Similar to most academic endeavors, dental school is a process. After graduating college and passing through the minefields of interviews and aptitude tests, one can then move on to four years of learning about teeth. Actually, year one is anything but teeth. Unless things have changed drastically, the first year of dental school closely mirrors that of medical school; advanced health science classes with a few token courses about teeth mixed in. Year two mainly consists of learning how to fix teeth in a lab on mannequins who are by far the most compliant and agreeable patients around. They open wide, always get numb, have no cheeks or tongues, and generally contort themselves at will. Nothing like the real world, but a good place to start. Finally, in years three and four budding young dentists start to see real patients and fix real teeth. We then spend the rest of our lives learning how to be the perfect dentist.
I tell you that so I can tell you this.
At the beginning of my third year of dental school, a friend called and said he needed a tooth looked at.
“I’ve had this cap a couple of years and it has never been right. Now, I can hardly drink anything cold. It’s starting to affect my beer drinking. You’ve been in school almost three years, can you help me out?”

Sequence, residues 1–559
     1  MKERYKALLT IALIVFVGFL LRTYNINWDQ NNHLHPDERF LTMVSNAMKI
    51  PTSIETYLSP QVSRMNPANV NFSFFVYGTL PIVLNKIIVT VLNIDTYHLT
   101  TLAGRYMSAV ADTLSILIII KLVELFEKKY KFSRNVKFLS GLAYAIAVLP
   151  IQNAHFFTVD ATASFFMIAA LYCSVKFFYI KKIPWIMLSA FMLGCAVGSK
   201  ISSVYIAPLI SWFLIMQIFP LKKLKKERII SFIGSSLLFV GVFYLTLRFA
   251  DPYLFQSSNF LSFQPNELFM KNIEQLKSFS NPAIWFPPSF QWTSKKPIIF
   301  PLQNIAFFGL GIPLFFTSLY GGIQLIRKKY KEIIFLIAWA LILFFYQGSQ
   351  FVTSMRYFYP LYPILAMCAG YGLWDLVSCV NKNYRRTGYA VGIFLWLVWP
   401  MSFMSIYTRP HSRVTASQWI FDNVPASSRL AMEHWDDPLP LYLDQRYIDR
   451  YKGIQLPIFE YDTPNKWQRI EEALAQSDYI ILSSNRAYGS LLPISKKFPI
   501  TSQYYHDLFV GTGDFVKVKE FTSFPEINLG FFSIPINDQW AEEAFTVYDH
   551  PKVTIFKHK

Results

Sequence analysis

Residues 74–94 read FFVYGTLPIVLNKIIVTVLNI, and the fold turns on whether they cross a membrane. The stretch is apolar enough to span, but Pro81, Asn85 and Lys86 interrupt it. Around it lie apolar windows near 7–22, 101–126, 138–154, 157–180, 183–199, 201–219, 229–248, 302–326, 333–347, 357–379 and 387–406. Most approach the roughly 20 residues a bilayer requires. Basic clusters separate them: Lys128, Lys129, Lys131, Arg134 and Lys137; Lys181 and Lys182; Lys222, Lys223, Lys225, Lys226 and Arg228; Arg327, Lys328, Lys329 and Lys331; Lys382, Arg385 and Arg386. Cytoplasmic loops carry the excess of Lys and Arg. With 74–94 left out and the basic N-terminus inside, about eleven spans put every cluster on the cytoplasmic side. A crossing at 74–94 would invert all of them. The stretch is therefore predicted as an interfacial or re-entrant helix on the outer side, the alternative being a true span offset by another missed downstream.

Seeing that my friend had just graduated college and had taken a job with no health insurance, I figured a way to work him in the following day. When he came up to the school, we took several x-rays of the tooth and everything about the relatively new crown looked perfect. I tested the tooth and its neighbors with a cold q-tip and the pain was there, just as he’d said. I was stumped, which was not saying much as this was probably only the third toothache I’d ever seen. Little did my buddy know that my previous two years were spent reading about microbiology and poking around
At the time, I didn’t know what was going on, so I started grasping for more clues. “What did the dentist say when you got this tooth fixed,” I said.
“He told me the tooth was in bad shape and I might still need a root canal.”
“So when did you have the root canal done,” said I, ignoring the lack of root canal in the x-rays.
“I still haven’t,” he replied.
It was in that moment that I reached deep into my academic knowledge and wealth of experience. I grabbed my friend’s x-rays and walked him to the root canal clinic upstairs.
The very next day I received a phone call that his tooth was much better and he couldn’t believe he went through two years of agony and pain. The root canal was not nearly as bad as he had heard or expected and cold beverages no longer caused him problems. The root canal resident even managed to save his crown so that he did not have to get another one. All was well and my friend wanted to show me his appreciation.
“Let’s go get a cold beer…I’m buying.”
Until next week, keep smiling.
-Please send comments to Drs. Parrish at www.ParrishDental.com.